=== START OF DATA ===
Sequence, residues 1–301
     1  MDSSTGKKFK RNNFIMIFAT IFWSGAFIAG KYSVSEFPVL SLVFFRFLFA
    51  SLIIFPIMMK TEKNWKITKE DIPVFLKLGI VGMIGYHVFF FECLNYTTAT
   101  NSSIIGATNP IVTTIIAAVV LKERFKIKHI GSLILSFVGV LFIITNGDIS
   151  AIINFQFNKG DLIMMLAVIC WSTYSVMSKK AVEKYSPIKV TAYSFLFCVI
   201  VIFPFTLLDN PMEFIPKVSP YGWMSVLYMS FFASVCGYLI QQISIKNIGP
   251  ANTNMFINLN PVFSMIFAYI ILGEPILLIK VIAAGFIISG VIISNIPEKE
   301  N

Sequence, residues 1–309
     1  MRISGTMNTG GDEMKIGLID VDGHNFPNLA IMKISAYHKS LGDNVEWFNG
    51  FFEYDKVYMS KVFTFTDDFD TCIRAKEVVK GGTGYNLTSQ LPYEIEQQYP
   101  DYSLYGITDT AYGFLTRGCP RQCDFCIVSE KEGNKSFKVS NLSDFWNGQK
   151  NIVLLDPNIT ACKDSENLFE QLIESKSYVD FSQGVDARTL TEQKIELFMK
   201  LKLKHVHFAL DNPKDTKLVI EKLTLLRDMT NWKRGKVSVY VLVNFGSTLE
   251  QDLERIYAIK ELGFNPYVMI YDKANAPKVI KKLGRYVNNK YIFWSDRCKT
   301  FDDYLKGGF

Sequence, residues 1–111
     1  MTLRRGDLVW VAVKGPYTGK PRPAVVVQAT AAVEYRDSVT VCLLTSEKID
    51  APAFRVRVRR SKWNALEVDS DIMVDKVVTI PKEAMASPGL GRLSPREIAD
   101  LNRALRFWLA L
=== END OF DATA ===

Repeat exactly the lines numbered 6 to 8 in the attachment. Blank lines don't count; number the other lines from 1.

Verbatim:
   201  VIFPFTLLDN PMEFIPKVSP YGWMSVLYMS FFASVCGYLI QQISIKNIGP
   251  ANTNMFINLN PVFSMIFAYI ILGEPILLIK VIAAGFIISG VIISNIPEKE
   301  N